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Here is an example of a delay, with extensive comments, designed to demonstrate programming the MICrODEC in assembly: [[DelayTutorialAsm|DelayTutorial.Asm]] Here is an example of a delay, with extensive comments, designed to demonstrate programming the MICrODEC in assembly: [[DelayTutorialAsm|Delay Tutorial]]
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 * [[attachment:audioint4.zip|current firmware]]  * [[attachment:microdec1.zip|current firmware]]


MICrODEC is a work in progress (and probably always will be). It is an open-source platform for Digital Signal Processing (DSP) that is approachable for those familiar with programming Atmel microcontrollers. For those unfamiliar, we hope its a fun excuse to learn.

The hardware itself is of moderately high quality (44.1ksps, 16bit, stereo, -96dB noise, 3Hz - 18kHz frequency response), and has built in features for use with audio effects (wet/dry mix, feedback, mic./instrument/line level inputs). Because of the high data rate, the MICrODEC does not allow for as much processing time as low-end ADC to PWM style microcontroller audio interfaces, but, with 6 seconds of sample time, plenty of useful functions can be executed in the ~400 free clock cycles per sample. And, at a lower cost in comparison to high-end DSP units, it provides a good platform for sound installations where more than a few units may be required.

Features yet implemented

  • All initialization routines for the codec, microcontroller, and memory - The codec is capable of multiple sample rates, and these can be easily changed to trade-off between audio quality and processing time. The codec also has an on-board headphone driver and microphone input which can be enabled, although the off-board hardware is much better. Both input and output filters can be modified, along with gain and internal signal path.
  • FTDI cable header - This will allow for connection to computers, and future bootloading capability. All of the necessary components are attached to mimic the Arduino bootloader.
  • Clip and level LEDs - The level LED comes on at approximately -35dB, and becomes brighter with more signal. The clip LED turns on, and stays on for 1 second, every time the signal goes above approximately -3dB. 0dB is when distortion begins.
  • Variable gain input stage - The front end presents an input impedance of 520k to AC signals, and has a variable gain of 0db to +34dB.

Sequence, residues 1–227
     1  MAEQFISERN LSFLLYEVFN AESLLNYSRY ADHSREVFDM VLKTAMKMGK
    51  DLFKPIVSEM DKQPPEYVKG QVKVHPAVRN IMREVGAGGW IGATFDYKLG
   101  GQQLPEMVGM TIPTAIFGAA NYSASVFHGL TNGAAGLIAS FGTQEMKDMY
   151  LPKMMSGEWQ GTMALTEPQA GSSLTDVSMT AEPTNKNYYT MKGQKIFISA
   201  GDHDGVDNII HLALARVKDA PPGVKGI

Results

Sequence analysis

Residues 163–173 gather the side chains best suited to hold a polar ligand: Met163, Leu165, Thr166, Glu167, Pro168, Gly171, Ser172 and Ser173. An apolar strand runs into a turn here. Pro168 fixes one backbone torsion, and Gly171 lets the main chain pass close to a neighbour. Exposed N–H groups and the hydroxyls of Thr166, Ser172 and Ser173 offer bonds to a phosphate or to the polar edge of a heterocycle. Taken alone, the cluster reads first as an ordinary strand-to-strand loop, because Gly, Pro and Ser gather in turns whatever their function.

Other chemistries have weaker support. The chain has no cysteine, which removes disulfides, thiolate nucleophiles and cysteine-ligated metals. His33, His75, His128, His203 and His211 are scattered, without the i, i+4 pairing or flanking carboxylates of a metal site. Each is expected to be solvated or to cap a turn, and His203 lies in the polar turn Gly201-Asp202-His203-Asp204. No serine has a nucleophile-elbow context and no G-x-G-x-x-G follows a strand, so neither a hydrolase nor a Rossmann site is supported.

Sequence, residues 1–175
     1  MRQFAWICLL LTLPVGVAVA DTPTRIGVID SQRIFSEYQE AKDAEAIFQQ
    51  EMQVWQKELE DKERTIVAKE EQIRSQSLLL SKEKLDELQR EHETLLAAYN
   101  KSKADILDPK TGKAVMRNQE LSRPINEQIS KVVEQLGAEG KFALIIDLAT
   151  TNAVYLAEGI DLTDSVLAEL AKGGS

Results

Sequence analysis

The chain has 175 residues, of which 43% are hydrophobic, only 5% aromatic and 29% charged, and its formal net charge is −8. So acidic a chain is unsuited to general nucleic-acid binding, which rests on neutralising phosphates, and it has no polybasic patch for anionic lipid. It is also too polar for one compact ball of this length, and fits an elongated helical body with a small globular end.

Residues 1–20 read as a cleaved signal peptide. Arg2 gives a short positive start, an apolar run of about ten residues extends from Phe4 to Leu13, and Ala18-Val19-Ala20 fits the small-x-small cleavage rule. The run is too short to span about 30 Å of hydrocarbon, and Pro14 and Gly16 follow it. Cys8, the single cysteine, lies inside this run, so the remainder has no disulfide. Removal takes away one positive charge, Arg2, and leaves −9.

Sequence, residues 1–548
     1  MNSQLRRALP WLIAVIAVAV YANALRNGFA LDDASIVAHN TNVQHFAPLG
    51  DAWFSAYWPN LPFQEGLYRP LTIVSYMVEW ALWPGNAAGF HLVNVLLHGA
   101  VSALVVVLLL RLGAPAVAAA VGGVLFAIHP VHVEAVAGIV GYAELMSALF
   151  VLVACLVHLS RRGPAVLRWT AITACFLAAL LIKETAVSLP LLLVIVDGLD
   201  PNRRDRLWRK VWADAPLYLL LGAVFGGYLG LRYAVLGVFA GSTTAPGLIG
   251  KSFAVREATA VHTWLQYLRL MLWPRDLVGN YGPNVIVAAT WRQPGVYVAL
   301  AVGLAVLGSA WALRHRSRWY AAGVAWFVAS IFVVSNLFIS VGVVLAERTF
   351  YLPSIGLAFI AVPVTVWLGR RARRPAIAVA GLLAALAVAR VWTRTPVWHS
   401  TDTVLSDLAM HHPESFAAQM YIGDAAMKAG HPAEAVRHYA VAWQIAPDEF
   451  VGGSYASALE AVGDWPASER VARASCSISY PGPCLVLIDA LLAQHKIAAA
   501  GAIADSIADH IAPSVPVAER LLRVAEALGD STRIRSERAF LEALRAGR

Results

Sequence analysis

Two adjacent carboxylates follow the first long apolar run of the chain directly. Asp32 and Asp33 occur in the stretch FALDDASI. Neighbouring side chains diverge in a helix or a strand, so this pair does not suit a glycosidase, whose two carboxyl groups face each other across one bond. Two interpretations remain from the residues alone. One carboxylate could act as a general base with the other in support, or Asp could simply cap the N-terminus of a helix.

• Socketed op-amps - Just in case you want to fiddle around with the sound. We suggest the TLC074 for good frequency response and output drive, but unless your listening on headphones at the output, you probably won't notice too much difference with the less expensive TLV274.
  • Optional jumpers - There are jumpers for installing a hard bypass switch between the input and output. There is also a jumper for installing a foot-switch in parallel with the rotary encoder push-button.

Features not yet implemented

The current MICrODEC implementation is fun to use, but there are a number of things that would make it even better.

  • Internal USB - There is currently an FTDI cable header onboard, but it would be far more convenient if the case did not need to be removed to take advantage of it.
  • Bootloader - Once there is USB, there can be bootloader! This would allow for downloading and trading of MICrODEC programs by those who aren't interested in the details of AVR programming.
  • MIDI - An optional MIDI board would allow the MICrODEC to be controlled by external pedals, synths, and computer software. Sample MIDI code has been written and tested, so merely a break-out board is required. Currently, there is only one USART for both MIDI and USB, so a solution to allow for both is needed.
  • Arduino compatibility - Although this would seriously reduce the full power of the processor, it would also allow for a wider user base.
  • C code - The current assembler needs to be ported to C for those who are into such things.

Firmware page by page

The Firmware for the MICrODEC is divided into 2 parts. The first is a Main File, which deals with initializing the microcontroller and codec, and handles the interrupt routine. The second is the Function Bank, which holds all of the commands which are executed when an interrupt is called (once per audio sample). This may or may not be the best implementation. It has the advantage of being more portable, as different programs can be dropped into the Function Bank, without having to worry about conflicts in the Main File. On the other hand, no processing can occur during idle time outside of the interrupt loop.

This is the current Main File: Microdec1

This is a listing of the pre-programmed functions: Stock Functions

And here is a compiled hex file with the stock functions: microdec1.hex

User written programs (which can be added to the Function Bank) can be found here: User Programs.

This is a list of useful functions (written in assembly), that can be used to save you time when programming. They are usually optimized for speed, and have 16b and 32b math operations, along with procedures for talking to the codec or other tasks required by the microcontroller: Useful Functions

Here is an example of a delay, with extensive comments, designed to demonstrate programming the MICrODEC in assembly: Delay Tutorial

Documentation can be downloaded here

Files: Beta Release

Files: Datasheets

MICrODEC (last edited 2018-09-06 01:08:12 by guest)